Backtracking is often a derogatory term used to describe a situation in a game where the player must return to previously encountered locations in order to continue advancing the game. There are two major flavors to this concept, described below.
Backtracking as level design
Many games include backtracking as an intrinsic way to advance the game. Games famous for this type of design include Metroid and the later Castlevania games, though there are many other examples, often of the Adventure genre. From the first Metroid on, players were often presented with a seemingly impassible location that had an impossibly high door or an obstacle that interfered with normal movement in a given area. Players might then later find an object or weapon which would help the player clear that obstacle, advancing to a previously unseen area of the game.
In a sense, by returning to that previously explored area, the player backtracked, or followed the track they used to leave the area only to return back along it later.
This form of level design is often frowned upon, as it is said to increase the length of a given sequence without a proportional increase in game content. Players are forced to see old scenery, and sometimes defeat the same monsters, despite having felt as though they had conquered that area already, leading to dissatisfaction. This dissatisfaction, though, is contingent on the repeated area's lack of variety.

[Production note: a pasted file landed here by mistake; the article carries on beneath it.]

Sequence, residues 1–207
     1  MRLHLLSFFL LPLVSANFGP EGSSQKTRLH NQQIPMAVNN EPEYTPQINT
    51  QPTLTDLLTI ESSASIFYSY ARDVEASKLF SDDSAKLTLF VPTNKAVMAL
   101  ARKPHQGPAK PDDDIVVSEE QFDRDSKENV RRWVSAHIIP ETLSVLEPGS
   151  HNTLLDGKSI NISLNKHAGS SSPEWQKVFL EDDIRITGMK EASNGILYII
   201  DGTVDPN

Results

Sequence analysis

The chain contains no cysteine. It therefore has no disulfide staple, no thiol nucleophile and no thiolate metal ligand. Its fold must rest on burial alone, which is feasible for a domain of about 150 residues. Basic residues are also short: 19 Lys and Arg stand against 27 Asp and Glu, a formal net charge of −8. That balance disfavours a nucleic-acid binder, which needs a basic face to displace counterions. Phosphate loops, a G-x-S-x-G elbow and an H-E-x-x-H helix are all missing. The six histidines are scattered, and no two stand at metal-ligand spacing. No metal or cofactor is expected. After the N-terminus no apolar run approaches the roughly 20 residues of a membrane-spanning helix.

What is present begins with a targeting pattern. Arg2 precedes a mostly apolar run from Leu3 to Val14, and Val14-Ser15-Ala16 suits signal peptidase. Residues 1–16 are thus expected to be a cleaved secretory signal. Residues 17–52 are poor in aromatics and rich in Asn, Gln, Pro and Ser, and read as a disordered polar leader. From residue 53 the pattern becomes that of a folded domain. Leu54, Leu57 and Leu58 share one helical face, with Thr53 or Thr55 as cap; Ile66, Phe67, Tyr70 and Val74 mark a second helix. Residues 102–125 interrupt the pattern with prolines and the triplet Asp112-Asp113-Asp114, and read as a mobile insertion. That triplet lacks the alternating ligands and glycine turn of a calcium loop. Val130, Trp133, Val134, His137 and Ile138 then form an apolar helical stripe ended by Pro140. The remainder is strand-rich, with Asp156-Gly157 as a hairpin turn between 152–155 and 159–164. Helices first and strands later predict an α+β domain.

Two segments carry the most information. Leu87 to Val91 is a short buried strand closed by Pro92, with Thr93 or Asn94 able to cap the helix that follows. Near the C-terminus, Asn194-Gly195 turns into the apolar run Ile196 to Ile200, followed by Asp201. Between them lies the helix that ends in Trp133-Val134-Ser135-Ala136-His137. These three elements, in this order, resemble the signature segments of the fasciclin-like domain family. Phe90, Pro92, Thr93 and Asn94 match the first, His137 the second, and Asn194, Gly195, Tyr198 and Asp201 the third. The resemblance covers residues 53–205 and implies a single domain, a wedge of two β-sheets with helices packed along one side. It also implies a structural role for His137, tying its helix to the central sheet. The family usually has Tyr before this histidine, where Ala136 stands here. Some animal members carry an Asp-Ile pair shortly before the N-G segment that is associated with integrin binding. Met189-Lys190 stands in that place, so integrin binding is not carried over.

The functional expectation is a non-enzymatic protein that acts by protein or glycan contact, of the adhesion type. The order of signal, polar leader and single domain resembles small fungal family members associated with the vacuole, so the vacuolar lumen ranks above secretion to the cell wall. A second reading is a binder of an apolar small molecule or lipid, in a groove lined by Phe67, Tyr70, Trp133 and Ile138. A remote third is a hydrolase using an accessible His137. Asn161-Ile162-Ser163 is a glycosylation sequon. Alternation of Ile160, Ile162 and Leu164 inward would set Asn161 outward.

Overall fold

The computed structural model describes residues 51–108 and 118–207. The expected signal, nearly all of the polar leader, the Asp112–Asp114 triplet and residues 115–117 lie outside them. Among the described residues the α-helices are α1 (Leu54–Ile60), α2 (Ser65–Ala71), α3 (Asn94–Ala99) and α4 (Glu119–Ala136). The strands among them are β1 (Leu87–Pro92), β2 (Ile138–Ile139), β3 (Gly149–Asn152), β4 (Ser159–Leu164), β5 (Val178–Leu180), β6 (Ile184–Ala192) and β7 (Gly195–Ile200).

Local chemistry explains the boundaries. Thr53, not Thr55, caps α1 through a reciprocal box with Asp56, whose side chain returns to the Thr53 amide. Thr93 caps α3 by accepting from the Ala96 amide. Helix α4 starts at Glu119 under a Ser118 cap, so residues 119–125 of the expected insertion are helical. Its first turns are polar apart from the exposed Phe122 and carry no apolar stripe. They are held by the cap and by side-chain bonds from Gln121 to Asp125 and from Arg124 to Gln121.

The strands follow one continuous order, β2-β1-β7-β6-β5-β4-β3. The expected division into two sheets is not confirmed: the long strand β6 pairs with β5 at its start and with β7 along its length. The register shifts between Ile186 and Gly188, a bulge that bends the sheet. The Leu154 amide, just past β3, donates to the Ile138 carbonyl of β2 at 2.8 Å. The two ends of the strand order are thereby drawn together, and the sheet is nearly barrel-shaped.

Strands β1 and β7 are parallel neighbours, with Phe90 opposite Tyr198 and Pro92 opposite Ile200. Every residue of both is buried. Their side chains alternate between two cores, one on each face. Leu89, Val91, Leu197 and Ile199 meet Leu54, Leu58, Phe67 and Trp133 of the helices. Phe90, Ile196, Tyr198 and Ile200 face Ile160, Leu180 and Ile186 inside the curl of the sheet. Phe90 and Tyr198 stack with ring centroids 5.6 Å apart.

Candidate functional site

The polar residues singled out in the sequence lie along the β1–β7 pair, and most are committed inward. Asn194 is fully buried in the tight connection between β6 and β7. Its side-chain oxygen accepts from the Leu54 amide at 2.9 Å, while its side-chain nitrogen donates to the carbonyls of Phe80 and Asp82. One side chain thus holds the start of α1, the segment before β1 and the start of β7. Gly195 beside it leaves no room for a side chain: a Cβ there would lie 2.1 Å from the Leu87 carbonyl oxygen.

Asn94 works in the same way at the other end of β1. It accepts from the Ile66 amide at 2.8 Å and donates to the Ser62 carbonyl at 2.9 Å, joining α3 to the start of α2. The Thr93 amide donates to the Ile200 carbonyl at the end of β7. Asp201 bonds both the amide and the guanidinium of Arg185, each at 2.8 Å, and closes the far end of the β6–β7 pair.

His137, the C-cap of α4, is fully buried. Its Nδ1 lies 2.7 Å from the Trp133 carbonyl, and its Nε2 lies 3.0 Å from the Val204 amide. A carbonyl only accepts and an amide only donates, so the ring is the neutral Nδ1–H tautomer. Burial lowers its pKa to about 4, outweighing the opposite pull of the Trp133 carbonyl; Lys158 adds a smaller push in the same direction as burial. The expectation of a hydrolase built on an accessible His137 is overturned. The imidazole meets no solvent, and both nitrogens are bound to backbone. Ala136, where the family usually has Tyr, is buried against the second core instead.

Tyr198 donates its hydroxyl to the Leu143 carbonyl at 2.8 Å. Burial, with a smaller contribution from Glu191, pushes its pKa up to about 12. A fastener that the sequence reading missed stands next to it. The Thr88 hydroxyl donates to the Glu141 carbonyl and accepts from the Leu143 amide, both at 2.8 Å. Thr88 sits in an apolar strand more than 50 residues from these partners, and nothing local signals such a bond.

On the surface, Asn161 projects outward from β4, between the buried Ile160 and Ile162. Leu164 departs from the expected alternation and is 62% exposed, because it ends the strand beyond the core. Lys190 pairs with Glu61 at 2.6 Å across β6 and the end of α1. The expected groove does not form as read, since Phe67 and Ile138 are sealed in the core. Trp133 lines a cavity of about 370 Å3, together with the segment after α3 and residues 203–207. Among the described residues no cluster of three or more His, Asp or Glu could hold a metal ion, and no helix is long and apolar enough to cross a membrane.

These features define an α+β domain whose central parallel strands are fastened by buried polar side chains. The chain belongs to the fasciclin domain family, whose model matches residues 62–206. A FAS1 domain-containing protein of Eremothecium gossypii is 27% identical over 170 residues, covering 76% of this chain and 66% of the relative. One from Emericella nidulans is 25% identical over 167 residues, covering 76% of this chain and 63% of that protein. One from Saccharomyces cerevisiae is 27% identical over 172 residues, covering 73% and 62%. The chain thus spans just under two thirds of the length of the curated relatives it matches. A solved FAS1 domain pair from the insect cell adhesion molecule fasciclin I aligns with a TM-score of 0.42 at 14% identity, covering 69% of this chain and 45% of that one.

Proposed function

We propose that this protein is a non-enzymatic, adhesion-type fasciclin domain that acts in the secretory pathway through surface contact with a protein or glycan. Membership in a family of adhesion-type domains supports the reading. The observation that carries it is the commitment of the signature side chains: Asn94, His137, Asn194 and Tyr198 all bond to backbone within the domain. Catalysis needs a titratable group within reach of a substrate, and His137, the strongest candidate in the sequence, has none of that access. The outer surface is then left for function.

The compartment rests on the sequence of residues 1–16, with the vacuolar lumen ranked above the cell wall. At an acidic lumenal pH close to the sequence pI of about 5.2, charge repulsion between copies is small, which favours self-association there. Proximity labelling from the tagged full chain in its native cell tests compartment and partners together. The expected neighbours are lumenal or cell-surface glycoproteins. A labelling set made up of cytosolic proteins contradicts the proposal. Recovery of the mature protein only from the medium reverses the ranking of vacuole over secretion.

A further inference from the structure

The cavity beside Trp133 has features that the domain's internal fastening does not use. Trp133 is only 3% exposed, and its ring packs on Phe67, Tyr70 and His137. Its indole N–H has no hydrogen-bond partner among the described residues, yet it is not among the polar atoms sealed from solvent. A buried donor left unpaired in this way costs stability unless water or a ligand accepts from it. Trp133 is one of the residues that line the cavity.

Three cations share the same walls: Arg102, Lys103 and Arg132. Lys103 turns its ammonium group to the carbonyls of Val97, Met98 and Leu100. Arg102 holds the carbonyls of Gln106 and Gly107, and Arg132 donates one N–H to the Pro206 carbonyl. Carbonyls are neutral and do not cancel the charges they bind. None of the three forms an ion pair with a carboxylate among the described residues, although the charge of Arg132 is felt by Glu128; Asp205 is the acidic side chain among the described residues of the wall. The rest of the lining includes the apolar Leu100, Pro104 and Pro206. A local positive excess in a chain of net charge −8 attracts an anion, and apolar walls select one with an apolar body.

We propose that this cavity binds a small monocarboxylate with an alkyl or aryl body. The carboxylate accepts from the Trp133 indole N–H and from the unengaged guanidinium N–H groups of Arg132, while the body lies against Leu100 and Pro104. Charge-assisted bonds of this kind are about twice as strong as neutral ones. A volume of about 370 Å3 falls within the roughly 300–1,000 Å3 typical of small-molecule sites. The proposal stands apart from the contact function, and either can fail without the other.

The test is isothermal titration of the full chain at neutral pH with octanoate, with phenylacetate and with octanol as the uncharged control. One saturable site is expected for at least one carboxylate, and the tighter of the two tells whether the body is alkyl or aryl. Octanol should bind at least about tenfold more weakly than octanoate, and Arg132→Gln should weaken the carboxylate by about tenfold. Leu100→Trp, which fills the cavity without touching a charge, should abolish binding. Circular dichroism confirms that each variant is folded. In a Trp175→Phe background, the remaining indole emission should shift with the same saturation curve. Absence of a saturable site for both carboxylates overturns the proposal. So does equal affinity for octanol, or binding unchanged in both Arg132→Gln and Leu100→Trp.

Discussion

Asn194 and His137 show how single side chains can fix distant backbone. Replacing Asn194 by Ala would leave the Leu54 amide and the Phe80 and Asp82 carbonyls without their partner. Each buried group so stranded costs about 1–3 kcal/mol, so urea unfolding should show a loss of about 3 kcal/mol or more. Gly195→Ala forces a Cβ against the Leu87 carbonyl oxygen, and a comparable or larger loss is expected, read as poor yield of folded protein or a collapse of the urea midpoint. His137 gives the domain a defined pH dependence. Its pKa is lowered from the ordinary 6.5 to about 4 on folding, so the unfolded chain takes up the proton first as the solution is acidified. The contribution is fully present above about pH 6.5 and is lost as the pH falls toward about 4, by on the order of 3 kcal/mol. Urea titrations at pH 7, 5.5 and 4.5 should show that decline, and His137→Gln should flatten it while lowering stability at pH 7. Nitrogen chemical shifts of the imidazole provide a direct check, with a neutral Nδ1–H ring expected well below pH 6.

Backtracking as player strategy
A phenomenon not directly related to the above is that of player backtracking as a strategy. For example, a player may miss clues which show how to advance in a level, the player may not have collected all of an item, or may need to refill his or her health. Backtracking is a way to, again, return to a previously explored area in order to remedy such situations.
In this case, it may or may not be the designer's fault, but it can be said that such backtracking is often less common in games on the whole, as it's usually a uniformly irritating experience for the player.